The Expressive Arts Program, created three decades ago by Elyse Jacobs, has helped children learn to identify their feelings and to express themselves through art and puppet play. The program allows children to work with a wide variety of artistic materials as a tool for “open-ended” artistic expression, problem solving, social skills and emotional intelligence. Expressive Arts is a unique and vital part of the Pacific Primary experience. The program provides bi-weekly experiences for small groups of children to visit the program and make art and play with puppets. The specialists scaffold the children’s work and help each child reach the next level of independent creativity. Children use tape, beads, ribbon, colored wire, fabric, and an endless variety of other “found materials and loose parts” to create art. Elyse is celebrating 30 years as our Expressive Arts Specialist and is now at the Orange Sun School.
The Expressive Arts Program originated as a peace-education program that used puppets to help children learn basic social and emotional skills. This focus remains a core concept of the program, as do the puppets. Several puppets, including Turtle and SuperSeaweed, have nurtured generations of Pacific Primary students. Teachers frequently use puppets to explore difficult social issues that inevitably arise during the school year. These issues include making and maintaining friendships, entering play, inclusion and exclusion, fears and anxieties, appreciation of differences, and personal loss.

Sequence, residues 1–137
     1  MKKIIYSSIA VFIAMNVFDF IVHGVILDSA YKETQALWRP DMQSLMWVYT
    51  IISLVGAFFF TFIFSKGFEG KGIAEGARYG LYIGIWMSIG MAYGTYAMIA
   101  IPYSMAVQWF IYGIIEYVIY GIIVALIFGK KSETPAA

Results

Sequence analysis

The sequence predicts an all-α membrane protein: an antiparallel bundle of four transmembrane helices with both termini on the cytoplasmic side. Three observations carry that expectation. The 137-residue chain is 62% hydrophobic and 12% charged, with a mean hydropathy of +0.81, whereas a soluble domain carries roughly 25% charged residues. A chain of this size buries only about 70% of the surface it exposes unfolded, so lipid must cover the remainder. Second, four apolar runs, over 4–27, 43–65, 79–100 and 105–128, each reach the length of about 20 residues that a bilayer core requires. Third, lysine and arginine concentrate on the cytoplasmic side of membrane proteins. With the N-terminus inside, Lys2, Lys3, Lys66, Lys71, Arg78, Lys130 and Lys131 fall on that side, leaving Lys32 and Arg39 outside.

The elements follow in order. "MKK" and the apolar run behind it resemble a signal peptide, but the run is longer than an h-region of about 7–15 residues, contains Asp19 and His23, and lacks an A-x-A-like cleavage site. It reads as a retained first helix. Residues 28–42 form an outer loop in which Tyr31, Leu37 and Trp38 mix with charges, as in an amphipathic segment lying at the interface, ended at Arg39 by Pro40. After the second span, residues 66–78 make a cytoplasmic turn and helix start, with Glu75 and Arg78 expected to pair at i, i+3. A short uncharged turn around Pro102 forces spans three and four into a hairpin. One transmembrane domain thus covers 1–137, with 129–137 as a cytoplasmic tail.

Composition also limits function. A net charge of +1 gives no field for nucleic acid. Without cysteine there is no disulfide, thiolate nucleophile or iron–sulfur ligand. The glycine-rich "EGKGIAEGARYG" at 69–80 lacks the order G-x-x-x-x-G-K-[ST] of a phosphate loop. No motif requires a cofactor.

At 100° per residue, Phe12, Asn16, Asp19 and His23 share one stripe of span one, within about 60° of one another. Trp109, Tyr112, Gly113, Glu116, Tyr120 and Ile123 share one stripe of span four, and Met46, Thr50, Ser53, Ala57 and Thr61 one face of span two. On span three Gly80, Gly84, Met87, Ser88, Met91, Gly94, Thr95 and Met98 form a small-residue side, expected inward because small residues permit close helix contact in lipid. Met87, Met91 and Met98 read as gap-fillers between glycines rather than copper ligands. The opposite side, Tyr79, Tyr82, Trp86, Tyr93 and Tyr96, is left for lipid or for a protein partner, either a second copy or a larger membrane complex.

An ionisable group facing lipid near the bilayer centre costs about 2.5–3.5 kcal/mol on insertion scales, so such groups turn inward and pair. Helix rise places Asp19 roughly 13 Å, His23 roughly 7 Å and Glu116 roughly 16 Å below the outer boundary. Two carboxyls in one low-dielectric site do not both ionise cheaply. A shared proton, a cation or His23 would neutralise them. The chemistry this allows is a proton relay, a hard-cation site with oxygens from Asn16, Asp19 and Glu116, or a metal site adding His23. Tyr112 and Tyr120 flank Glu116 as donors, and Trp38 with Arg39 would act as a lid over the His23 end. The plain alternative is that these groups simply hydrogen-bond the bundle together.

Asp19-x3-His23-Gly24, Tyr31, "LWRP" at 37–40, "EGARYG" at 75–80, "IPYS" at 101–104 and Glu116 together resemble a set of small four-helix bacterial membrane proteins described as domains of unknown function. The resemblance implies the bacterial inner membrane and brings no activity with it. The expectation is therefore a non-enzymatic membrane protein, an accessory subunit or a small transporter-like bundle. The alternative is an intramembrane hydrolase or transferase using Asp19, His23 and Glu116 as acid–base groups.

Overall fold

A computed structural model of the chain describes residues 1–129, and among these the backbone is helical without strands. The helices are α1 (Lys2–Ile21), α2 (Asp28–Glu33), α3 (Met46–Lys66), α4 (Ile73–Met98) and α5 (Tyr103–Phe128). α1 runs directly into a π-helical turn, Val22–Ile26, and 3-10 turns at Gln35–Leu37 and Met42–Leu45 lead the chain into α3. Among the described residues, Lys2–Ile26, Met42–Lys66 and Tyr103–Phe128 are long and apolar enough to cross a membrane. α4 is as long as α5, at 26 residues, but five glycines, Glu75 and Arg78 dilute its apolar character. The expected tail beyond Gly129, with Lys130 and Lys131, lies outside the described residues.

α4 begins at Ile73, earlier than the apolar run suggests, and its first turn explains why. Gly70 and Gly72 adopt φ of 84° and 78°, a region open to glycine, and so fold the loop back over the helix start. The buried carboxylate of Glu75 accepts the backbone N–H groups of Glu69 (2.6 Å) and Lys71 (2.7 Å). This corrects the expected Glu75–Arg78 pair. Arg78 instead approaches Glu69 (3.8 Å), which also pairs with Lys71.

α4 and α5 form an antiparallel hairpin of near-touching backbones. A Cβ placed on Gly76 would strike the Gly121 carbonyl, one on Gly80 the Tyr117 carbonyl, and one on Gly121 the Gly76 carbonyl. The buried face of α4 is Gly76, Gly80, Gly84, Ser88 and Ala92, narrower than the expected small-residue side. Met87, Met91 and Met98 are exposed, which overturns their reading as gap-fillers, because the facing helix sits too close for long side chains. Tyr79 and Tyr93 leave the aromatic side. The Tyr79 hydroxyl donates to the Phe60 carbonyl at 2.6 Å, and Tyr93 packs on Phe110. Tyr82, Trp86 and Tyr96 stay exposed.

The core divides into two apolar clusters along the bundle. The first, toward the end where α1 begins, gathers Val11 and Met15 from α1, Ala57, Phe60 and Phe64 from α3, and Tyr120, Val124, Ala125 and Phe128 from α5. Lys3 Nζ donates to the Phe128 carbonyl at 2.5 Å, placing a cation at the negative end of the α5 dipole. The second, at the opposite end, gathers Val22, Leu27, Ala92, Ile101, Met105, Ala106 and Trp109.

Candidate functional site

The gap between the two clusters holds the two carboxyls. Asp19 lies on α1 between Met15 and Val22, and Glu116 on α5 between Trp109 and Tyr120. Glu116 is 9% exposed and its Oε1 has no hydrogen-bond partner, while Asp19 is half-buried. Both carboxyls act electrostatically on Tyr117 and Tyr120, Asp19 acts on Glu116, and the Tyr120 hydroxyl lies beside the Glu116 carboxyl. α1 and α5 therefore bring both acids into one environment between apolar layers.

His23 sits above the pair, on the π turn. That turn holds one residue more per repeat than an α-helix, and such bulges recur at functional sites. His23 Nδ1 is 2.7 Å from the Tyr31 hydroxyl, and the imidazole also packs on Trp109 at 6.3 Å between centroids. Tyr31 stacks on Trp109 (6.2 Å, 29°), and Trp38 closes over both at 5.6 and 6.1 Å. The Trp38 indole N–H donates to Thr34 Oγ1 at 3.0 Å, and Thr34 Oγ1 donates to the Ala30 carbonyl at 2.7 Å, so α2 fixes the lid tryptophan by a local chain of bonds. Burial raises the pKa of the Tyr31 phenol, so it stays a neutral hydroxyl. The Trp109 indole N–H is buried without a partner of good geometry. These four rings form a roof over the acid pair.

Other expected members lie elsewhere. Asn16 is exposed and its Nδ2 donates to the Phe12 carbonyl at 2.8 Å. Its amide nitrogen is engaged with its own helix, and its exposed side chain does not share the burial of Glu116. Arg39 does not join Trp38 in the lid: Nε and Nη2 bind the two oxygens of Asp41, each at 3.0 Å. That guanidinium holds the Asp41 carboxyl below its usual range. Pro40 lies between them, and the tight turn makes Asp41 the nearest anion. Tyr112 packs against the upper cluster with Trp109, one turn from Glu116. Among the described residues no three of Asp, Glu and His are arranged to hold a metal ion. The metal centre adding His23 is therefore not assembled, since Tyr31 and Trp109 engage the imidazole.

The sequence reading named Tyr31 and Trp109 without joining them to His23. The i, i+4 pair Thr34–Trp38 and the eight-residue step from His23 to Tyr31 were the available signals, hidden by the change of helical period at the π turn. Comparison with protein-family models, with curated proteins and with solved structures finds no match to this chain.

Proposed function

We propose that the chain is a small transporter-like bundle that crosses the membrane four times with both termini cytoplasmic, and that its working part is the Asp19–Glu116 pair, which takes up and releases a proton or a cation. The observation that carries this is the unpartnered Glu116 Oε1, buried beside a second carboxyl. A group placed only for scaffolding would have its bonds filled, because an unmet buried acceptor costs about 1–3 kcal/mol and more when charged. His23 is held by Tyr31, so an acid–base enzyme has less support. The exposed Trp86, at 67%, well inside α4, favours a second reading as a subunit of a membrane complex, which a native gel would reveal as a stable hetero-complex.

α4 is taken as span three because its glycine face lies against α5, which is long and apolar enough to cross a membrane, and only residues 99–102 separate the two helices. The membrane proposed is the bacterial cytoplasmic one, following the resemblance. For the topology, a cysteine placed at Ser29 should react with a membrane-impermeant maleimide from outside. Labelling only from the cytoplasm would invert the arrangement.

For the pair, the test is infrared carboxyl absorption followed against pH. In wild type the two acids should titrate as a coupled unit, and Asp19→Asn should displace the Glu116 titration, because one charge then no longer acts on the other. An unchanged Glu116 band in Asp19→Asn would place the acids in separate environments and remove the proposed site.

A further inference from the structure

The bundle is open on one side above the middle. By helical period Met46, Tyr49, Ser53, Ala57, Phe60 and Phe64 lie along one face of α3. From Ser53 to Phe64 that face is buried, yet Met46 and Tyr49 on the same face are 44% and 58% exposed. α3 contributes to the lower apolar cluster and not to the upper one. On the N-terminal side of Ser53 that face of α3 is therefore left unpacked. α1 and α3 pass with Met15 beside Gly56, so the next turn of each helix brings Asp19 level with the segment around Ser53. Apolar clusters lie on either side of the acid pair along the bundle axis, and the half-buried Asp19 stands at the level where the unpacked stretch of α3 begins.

You can watch a brief video of the Expressive Arts program in action by clicking on Super Seaweed. You will see children in the Gray Whale room during a typical morning “circle time” with Elyse Jacobs, and puppets Turtle, and SuperSeaweed. During a previous “Turtle Circle,” several children expressed their fear of SuperSeaweed’s witch-like pointy nose and chin. This led to a discussion of how differences can sometimes feel scary at first.
In this clip, Elyse starts with Turtle, but the children quickly ask to see SuperSeaweed. They comment that her nose is still pointy, and some still find it scary. Determining that the level of fear is actually quite low, Elyse begins a game that brings the puppet into closer contact with the children. This exercise offers the children an opportunity to move beyond their fears.
Watch as one child, who at first says that SuperSeaweed is scary, decides that he wants to try giving her a hug.
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